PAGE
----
15. The system of claim 14 further sending content to a device, the content being user-selected based on a recommendation.
16. The system of claim 11 in which the factorizing of the features-as-users matrix is performed using a variational Bayes inference.
17. A method for generating recommendations for items in collection electronically accessible by users of respective computing devices, the method comprising the steps of:
- representing item features in a matrix as if the features are users in a user-to-item usage matrix;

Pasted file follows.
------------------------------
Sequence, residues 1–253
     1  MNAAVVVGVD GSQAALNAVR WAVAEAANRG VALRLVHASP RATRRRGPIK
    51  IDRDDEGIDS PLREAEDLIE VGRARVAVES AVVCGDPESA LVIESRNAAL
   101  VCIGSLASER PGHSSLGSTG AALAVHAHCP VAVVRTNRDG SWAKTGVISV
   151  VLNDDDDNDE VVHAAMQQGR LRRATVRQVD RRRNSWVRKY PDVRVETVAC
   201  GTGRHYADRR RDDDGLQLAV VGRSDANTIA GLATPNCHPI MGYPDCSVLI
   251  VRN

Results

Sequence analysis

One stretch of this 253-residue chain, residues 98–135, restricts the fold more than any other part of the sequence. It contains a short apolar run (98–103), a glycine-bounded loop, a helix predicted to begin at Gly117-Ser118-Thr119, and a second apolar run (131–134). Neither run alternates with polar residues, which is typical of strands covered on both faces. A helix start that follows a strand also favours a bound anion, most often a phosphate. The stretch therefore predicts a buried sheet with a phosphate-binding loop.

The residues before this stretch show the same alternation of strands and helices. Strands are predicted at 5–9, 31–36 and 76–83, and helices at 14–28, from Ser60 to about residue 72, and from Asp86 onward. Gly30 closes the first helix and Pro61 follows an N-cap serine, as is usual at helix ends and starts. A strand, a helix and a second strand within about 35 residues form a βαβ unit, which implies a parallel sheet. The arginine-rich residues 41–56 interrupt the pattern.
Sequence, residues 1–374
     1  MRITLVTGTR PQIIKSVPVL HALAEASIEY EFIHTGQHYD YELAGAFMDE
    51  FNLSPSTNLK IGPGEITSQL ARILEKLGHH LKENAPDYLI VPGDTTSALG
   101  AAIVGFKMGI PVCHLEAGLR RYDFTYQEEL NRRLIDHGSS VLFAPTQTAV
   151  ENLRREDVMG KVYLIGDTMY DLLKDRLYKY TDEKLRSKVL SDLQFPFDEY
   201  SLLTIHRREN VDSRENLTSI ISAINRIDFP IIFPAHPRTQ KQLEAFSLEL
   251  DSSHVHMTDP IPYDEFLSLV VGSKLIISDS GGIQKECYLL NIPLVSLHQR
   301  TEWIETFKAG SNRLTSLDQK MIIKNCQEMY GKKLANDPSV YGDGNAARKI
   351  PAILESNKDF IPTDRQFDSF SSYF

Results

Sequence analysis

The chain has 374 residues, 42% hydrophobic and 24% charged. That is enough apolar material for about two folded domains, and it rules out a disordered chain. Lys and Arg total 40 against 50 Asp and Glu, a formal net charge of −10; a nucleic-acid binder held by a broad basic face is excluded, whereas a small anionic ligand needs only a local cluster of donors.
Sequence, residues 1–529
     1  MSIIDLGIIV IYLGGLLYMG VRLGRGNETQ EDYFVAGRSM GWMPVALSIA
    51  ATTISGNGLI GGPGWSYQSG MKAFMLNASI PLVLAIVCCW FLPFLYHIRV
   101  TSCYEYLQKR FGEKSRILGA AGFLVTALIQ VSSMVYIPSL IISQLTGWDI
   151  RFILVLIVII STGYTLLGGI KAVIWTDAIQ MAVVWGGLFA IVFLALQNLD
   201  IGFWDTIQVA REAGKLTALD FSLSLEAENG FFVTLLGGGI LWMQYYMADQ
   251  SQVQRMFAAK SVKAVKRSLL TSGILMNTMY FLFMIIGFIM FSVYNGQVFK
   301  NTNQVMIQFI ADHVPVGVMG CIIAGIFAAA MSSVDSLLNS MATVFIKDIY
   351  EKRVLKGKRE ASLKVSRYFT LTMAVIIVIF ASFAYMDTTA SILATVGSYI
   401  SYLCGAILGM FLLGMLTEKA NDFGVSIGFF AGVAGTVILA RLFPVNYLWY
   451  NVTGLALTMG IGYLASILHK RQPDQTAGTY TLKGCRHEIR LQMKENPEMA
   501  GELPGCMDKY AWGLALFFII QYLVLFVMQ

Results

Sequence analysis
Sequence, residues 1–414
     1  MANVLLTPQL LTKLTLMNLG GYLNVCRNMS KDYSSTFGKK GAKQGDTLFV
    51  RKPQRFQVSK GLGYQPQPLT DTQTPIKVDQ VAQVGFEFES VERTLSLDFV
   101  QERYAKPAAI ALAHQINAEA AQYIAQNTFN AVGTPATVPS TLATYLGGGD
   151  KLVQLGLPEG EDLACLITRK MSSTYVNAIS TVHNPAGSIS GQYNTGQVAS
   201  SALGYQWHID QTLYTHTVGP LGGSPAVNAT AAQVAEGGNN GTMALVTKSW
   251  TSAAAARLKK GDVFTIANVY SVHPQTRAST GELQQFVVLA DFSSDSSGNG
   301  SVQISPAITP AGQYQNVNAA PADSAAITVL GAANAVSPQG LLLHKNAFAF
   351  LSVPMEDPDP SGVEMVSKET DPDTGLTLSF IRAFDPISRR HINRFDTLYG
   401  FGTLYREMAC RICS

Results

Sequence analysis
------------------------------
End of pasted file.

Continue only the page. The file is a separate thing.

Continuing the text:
- building a content-based item model in which items are embedded in a low dimension latent space by factorizing the matrix; and
- generating recommendations by training users with the latent space.
18. The method of claim 17 further including generating a user-to-item recommendation.
19. The method of claim 17 further including generating an item-to-item recommendation.
20. The method of claim 17 further generating explanations that correspond to respective generated recommendations.
Filed: Sep 12, 2014
Publication Date: Mar 17, 2016
Inventors: Nir Nice (Kfar Veradim), Noam Koenigstein (Ra'anana), Shahar Keren (Hemed), Ayelet Kroskin (Tel Aviv), Ulrich Paquet (Cambridge)
Application Number: 14/484,981